so seldomnever hear from the fairness-obsessed, we’re-all-in-this-together crowd any expressions of concern about the great inequality of net contributions to total wealth? Where is the concern over this “unfairness”? Compared to successful market entrepreneurs, people who choose to consume much leisure or who remain consistently afraid to risk their wealth on entrepreneurial ventures enjoy over their lifetimes a higher ratio of wealth-increases to their own contributions-to-wealth. If we are to be concerned with cosmic fairness or “social justice” or “inequality,” why is this inequality one that is or ought to be ignored?
Some proper economics research for a change: LBW decisions and bias by umpires. - The Dismal Science
Jan 06, 2015 •
One of the most important questions in economics has to do with whether pressure from home crowds affects decision making of sports officials. A new column at VoxEU.org investigates this problem using new data from cricket matches. The authors find that neutral umpires decrease the bias against away teams, making neutral officials very important for a fair contest.
'Leg before wicket' decisions in cricket provide a fascinating case study in which to study the issue of bias in decision making by umpires.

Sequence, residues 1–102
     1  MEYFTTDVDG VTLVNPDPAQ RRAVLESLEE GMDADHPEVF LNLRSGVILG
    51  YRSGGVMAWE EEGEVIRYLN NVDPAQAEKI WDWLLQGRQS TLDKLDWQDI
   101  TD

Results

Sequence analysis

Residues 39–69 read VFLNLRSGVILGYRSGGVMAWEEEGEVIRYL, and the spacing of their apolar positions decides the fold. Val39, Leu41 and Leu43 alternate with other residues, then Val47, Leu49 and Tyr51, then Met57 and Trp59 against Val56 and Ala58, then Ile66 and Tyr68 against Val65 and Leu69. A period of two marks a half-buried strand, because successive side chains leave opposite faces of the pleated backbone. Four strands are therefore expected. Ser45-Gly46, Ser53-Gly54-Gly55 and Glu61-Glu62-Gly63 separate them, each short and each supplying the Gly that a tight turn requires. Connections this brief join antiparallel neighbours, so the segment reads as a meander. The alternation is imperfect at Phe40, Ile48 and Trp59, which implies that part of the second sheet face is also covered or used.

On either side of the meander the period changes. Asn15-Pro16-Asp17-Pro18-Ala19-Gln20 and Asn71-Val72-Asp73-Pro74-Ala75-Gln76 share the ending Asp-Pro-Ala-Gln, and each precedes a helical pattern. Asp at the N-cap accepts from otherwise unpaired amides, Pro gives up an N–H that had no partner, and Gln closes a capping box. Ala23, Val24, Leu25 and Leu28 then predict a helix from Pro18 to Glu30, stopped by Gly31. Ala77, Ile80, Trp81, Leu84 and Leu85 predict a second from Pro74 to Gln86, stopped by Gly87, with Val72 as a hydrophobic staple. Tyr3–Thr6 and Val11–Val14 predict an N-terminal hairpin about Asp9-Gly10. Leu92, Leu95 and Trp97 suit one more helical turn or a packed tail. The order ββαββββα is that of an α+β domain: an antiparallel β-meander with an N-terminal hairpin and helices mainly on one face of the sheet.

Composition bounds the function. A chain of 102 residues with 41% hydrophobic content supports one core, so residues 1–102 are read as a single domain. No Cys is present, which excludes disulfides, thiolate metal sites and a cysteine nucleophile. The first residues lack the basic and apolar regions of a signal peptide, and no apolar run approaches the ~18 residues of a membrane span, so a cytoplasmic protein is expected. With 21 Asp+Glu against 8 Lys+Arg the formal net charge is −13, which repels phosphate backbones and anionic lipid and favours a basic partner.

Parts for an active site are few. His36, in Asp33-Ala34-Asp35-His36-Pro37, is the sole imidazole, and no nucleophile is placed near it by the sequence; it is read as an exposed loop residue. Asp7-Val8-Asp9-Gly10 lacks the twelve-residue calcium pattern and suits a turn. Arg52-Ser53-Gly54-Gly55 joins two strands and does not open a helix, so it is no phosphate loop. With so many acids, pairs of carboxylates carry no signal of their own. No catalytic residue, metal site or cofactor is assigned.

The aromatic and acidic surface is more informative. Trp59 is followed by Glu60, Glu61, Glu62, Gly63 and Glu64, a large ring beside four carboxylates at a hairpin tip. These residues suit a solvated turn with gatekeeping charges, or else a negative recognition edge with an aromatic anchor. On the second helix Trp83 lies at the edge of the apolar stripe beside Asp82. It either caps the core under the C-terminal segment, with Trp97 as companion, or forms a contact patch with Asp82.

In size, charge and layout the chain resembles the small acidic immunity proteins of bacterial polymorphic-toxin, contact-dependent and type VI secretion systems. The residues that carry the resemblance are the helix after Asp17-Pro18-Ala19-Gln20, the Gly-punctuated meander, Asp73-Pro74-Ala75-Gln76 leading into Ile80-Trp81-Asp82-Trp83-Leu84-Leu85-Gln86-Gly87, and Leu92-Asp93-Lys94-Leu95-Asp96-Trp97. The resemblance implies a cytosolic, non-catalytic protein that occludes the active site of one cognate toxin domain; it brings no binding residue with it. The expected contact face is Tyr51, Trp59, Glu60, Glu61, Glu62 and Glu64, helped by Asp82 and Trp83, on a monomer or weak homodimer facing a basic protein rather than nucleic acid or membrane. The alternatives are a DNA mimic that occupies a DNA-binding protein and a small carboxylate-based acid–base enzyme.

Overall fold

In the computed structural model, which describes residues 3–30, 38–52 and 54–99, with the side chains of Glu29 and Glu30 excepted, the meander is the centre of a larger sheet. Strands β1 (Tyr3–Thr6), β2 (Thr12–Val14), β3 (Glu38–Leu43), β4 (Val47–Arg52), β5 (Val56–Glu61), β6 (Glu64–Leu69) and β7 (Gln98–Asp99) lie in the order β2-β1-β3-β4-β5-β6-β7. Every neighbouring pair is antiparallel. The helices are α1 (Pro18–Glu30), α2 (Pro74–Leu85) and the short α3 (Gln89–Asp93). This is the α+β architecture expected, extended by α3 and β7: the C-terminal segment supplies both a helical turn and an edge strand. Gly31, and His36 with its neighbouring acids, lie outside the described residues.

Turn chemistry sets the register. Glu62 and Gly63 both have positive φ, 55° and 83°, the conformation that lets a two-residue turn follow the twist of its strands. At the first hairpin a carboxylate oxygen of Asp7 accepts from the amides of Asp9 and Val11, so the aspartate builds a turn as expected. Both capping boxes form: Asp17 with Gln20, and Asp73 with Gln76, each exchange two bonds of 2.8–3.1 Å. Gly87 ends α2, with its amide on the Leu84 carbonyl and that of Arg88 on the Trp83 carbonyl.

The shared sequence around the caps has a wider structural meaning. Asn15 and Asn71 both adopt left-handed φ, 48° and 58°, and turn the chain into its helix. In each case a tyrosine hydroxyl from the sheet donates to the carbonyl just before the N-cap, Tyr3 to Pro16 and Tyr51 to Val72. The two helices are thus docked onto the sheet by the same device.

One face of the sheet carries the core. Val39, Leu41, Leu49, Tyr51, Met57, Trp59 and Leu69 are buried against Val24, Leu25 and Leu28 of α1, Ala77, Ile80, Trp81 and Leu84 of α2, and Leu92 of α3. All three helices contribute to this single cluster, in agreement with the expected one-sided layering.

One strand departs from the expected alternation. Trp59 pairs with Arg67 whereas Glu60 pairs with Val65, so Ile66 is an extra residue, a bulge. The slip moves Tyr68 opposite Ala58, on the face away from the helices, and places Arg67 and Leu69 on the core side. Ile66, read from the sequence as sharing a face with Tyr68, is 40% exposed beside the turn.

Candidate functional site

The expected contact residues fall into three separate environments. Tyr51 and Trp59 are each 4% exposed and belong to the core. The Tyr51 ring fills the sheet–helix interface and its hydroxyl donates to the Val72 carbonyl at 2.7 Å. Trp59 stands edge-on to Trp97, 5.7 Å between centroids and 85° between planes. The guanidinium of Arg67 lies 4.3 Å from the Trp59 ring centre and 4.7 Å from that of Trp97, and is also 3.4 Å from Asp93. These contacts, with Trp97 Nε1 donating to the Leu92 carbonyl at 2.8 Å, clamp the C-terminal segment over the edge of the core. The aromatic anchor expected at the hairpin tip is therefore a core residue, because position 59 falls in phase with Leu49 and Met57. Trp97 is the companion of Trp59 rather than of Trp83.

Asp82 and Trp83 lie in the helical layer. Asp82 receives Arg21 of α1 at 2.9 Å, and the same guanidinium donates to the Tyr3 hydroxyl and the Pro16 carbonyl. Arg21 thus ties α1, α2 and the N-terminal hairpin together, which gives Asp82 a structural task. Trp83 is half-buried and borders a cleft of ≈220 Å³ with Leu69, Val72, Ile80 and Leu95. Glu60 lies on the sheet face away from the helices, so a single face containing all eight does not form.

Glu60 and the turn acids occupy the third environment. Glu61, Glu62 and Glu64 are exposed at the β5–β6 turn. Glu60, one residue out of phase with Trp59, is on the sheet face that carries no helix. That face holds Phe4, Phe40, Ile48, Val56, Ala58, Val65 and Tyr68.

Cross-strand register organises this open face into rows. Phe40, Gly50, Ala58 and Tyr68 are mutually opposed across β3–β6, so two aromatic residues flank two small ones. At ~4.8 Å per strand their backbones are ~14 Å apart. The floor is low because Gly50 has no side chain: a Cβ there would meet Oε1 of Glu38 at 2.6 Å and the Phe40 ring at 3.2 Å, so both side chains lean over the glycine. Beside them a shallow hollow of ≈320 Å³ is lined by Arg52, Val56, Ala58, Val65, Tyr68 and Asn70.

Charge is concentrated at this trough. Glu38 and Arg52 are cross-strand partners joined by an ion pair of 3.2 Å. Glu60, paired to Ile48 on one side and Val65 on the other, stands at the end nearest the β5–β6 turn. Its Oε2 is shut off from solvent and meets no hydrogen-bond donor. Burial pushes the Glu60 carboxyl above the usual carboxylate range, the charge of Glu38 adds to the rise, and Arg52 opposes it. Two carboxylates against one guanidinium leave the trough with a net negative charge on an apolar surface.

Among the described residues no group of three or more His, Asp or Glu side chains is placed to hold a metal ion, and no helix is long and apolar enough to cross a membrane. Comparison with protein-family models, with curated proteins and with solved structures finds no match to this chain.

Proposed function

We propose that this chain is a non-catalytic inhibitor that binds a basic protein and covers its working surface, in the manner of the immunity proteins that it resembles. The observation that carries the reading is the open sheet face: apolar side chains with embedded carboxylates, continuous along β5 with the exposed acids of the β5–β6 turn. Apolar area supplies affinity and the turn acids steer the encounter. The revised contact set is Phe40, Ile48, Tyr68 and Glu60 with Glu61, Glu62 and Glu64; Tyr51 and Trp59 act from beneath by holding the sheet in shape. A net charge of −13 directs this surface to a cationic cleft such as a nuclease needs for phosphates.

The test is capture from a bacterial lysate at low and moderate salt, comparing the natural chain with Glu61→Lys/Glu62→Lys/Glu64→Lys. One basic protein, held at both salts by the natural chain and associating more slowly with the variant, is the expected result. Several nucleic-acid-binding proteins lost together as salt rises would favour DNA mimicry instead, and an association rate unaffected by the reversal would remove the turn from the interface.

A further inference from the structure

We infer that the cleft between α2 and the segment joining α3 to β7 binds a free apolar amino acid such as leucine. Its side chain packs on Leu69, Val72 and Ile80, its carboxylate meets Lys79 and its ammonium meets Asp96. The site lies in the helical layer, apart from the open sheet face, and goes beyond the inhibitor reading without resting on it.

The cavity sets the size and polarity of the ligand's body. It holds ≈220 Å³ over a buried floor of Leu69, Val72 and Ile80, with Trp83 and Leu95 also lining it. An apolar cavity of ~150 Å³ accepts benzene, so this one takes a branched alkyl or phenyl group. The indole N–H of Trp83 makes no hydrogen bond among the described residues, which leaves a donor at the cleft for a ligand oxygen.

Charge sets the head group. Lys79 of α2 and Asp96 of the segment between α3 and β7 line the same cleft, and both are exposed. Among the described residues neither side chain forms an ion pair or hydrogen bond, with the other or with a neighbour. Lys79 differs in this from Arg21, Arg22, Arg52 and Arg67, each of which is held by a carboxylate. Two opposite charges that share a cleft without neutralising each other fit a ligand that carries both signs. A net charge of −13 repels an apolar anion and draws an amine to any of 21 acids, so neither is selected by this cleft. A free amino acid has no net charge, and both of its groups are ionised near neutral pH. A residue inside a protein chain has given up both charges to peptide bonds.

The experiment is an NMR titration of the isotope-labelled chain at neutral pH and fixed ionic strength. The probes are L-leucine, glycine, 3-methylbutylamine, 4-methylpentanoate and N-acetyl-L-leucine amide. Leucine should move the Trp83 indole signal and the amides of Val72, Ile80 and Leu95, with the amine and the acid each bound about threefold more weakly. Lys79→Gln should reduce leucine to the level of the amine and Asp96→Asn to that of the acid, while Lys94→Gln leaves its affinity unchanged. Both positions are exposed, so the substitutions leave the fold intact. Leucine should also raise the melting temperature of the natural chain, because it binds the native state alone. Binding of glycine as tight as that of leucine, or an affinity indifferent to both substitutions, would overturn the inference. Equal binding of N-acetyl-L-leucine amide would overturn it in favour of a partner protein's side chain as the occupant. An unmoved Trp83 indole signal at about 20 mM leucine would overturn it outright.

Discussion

Umpiring decisions in cricket provide a fascinating case study in which to study the issue. In the first place, decisions such as whether the batsman is out ‘leg before wicket’ (LBW) require significant judgement from the umpire in a very short period of time (less than 10 seconds). At least until recently, umpires have had complete discretion over these decisions, which can have crucial impacts on the outcome of matches (Chedzoy 1997). Unusually amongst professional sports, international cricket continues to use officials of the same nationality as the home team. Throughout most of the history of test cricket, both umpires were from the same country as the home team. In 1994, the regulations were changed and one of the umpires was required to be from a neutral country. From 2002, both umpires were required to be neutral. In One Day International (ODI) cricket, there is still one home and one neutral umpire in most matches. Unsurprisingly, cricket fans and sometimes players have long held suspicions that decisions by home umpires tend to favour the home team. The notorious altercation between the former England cricket captain Mike Gatting and Pakistani umpire Shakoor Rana in 1987 led to an international diplomatic incident, the ramifications of which were felt for many years.Recent research by Ian Gregory-Smith, David Paton and Abhinav Sacheti takes a new look at the issue.